Jaide Phelps

Jaide Phelps

M.S. Student

Marine Biology


2150 Koyukuk Drive
218 O'Neill
Fairbanks, Alaska 99775
jtphelps@alaska.edu

 
Education

University of Wyoming
B.S. Biology
2018

 

Thesis

The effect of sedimentation on spore settlement and recruitment of the endemic arctic kelp, Laminaria solidungula (L. solidungula)

 

Advisor

 

Biography

I earned my B.S. degree in Biology at the University of Wyoming (UW) in 2018. Since then my love for aquatic sciences has led me to work in three freshwater ecology labs at UW and participate in a variety of research projects there. In the summer of 2018 I worked under Dr. Amy Krist as a field technician and assisted with graduate research focusing on zooplankton assemblages in Wyoming alpine lakes. I acted as lab manager in a stream ecology lab under Dr. Sarah Collins and in a fisheries biology lab under Dr. Willie Fetzer, where I expanded my knowledge in the field of trophic ecology and processed thousands of biological samples for stable isotope analysis. In addition, I was able to work as a research assistant on a project focusing on detection of SARS COV-2 in Wyoming wastewater using molecular tools. I began graduate school at UAF in 2021 and am working under Dr. Katrin Iken to fulfill my lifelong dream of studying marine science and pursue a career in marine science education.

Research Overview

My research aims to determine the effect of sedimentation on the attachment of kelp spores to hard substrate through a series of lab experiments. Kelp are foundation species in Arctic benthic ecosystems that provide numerous ecosystem services, including habitat provision, nutrient cycling, and carbon sequestration. My study species, Laminaria solidungula (L.solidungula), is endemic to the Arctic and is the dominant foundation species in many Arctic kelp bed communities. Because these kelp require hard substrate to successfully establish and grow, increasing sedimentation rates in the Arctic due to climatic and anthropogenic stressors are a concern for L. solidungula abundance and distribution in the future. Sediments are known to cause spore mortality in other kelp species through burial and scouring mechanisms that prevent the spores from settling. Studying how sedimentation affects early life stages of kelp could help determine future health and survival of kelp bed communities in Arctic nearshore ecosystems during a time of rapid environmental change.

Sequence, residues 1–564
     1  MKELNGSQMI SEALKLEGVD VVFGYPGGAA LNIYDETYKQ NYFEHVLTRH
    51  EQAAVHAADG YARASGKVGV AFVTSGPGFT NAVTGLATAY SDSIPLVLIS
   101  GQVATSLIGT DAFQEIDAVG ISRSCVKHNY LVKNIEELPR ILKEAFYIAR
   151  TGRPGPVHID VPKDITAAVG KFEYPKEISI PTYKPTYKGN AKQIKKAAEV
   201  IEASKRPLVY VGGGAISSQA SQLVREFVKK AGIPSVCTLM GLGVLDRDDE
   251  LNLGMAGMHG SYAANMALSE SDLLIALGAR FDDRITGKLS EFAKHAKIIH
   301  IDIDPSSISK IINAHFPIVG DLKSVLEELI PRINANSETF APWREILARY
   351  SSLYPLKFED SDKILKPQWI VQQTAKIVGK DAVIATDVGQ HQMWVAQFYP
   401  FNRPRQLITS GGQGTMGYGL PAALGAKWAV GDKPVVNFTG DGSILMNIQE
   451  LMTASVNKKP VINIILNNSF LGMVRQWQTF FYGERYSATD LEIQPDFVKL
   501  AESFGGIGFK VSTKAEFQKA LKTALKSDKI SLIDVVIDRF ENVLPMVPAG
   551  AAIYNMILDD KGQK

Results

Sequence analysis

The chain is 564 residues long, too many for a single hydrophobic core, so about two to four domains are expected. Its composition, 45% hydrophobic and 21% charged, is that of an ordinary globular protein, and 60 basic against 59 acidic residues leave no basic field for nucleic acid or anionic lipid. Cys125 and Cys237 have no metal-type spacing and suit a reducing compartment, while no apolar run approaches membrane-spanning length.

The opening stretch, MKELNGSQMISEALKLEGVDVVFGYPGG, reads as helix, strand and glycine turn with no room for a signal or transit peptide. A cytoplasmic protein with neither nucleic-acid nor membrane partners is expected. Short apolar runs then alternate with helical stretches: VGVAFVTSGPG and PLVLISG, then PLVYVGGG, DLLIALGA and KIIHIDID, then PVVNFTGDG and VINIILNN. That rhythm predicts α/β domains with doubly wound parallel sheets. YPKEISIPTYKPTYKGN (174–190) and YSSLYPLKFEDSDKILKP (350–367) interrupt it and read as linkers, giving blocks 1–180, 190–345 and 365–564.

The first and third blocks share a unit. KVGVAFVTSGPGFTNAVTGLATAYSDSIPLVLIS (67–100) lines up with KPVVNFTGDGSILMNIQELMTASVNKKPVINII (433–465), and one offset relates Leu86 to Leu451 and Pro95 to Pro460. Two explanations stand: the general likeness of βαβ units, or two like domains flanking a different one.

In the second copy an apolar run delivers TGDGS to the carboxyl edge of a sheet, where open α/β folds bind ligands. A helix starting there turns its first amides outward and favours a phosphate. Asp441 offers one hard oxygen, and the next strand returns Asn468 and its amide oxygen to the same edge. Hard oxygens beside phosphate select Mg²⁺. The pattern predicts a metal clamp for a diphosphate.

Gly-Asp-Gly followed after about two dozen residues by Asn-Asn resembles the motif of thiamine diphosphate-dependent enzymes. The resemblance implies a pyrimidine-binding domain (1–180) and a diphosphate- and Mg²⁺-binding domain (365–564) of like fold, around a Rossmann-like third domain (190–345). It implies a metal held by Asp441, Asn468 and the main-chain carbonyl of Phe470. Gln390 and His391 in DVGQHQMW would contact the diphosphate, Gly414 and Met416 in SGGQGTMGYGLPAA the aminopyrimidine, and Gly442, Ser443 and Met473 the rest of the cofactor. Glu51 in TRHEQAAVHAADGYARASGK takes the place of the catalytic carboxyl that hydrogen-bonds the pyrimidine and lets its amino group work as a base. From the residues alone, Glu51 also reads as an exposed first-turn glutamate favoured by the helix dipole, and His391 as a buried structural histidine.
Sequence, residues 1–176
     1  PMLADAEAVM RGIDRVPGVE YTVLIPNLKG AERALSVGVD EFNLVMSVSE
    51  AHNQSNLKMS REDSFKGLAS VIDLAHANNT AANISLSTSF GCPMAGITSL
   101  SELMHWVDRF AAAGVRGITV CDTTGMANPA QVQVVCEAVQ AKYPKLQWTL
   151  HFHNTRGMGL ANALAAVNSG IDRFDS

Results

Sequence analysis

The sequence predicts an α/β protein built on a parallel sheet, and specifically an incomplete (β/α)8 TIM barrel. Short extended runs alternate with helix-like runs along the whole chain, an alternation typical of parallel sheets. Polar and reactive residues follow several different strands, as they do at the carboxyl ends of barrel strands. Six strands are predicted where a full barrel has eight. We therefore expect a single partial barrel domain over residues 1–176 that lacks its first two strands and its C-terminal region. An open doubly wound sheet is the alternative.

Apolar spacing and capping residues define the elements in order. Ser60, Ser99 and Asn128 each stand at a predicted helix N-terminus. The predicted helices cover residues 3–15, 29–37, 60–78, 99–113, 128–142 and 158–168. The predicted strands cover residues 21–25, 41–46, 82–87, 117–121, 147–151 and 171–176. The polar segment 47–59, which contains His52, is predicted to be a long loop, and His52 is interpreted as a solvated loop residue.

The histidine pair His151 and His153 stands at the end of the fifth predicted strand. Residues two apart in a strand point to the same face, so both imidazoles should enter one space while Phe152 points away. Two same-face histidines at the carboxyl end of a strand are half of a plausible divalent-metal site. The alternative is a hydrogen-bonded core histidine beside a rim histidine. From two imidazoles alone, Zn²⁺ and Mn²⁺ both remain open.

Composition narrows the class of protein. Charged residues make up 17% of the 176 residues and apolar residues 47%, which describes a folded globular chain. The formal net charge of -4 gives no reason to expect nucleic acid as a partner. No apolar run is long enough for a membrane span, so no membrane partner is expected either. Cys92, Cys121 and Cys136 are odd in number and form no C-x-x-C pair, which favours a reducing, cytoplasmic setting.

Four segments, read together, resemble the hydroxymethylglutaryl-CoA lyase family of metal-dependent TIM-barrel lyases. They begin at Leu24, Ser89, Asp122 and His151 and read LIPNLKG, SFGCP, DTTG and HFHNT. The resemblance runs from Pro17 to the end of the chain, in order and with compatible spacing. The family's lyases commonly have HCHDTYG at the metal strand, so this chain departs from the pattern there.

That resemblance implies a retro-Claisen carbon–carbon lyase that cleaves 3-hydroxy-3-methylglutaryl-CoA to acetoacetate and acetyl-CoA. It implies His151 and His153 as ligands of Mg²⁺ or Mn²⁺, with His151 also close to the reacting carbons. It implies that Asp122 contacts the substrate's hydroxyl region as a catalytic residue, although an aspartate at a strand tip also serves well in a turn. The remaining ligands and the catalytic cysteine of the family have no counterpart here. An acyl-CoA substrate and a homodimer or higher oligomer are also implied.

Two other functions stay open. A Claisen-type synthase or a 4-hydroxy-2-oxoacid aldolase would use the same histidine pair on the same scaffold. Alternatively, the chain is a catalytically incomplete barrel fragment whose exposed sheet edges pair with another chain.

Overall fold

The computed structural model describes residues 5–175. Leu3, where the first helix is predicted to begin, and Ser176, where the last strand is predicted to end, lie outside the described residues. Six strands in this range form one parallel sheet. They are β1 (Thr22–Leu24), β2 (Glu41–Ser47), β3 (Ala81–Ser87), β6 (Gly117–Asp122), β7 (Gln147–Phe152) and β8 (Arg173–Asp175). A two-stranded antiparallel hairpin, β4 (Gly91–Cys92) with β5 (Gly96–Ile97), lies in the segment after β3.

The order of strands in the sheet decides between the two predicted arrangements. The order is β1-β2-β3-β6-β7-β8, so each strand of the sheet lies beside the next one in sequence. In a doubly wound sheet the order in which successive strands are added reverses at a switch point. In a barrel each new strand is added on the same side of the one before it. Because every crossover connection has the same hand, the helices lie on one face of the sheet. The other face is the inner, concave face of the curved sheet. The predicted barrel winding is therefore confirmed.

Certifications

  • PADI Advanced Open Water Diver